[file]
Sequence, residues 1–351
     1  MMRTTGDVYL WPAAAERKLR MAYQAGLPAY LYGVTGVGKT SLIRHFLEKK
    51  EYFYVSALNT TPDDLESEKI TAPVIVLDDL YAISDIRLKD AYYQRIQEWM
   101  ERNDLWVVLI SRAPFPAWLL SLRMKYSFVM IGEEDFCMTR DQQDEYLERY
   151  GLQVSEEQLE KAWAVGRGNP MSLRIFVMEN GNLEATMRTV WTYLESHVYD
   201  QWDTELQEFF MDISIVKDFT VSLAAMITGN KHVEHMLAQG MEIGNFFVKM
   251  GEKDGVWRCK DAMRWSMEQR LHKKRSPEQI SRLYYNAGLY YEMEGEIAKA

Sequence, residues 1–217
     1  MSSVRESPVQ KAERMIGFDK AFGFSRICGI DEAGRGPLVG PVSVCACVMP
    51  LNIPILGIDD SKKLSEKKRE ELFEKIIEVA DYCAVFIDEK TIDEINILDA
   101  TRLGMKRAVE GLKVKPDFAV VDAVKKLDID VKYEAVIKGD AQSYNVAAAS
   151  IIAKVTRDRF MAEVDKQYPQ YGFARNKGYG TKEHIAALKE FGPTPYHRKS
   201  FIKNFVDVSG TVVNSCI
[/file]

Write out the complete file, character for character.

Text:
Sequence, residues 1–351
     1  MMRTTGDVYL WPAAAERKLR MAYQAGLPAY LYGVTGVGKT SLIRHFLEKK
    51  EYFYVSALNT TPDDLESEKI TAPVIVLDDL YAISDIRLKD AYYQRIQEWM
   101  ERNDLWVVLI SRAPFPAWLL SLRMKYSFVM IGEEDFCMTR DQQDEYLERY
   151  GLQVSEEQLE KAWAVGRGNP MSLRIFVMEN GNLEATMRTV WTYLESHVYD
   201  QWDTELQEFF MDISIVKDFT VSLAAMITGN KHVEHMLAQG MEIGNFFVKM
   251  GEKDGVWRCK DAMRWSMEQR LHKKRSPEQI SRLYYNAGLY YEMEGEIAKA

Sequence, residues 1–217
     1  MSSVRESPVQ KAERMIGFDK AFGFSRICGI DEAGRGPLVG PVSVCACVMP
    51  LNIPILGIDD SKKLSEKKRE ELFEKIIEVA DYCAVFIDEK TIDEINILDA
   101  TRLGMKRAVE GLKVKPDFAV VDAVKKLDID VKYEAVIKGD AQSYNVAAAS
   151  IIAKVTRDRF MAEVDKQYPQ YGFARNKGYG TKEHIAALKE FGPTPYHRKS
   201  FIKNFVDVSG TVVNSCI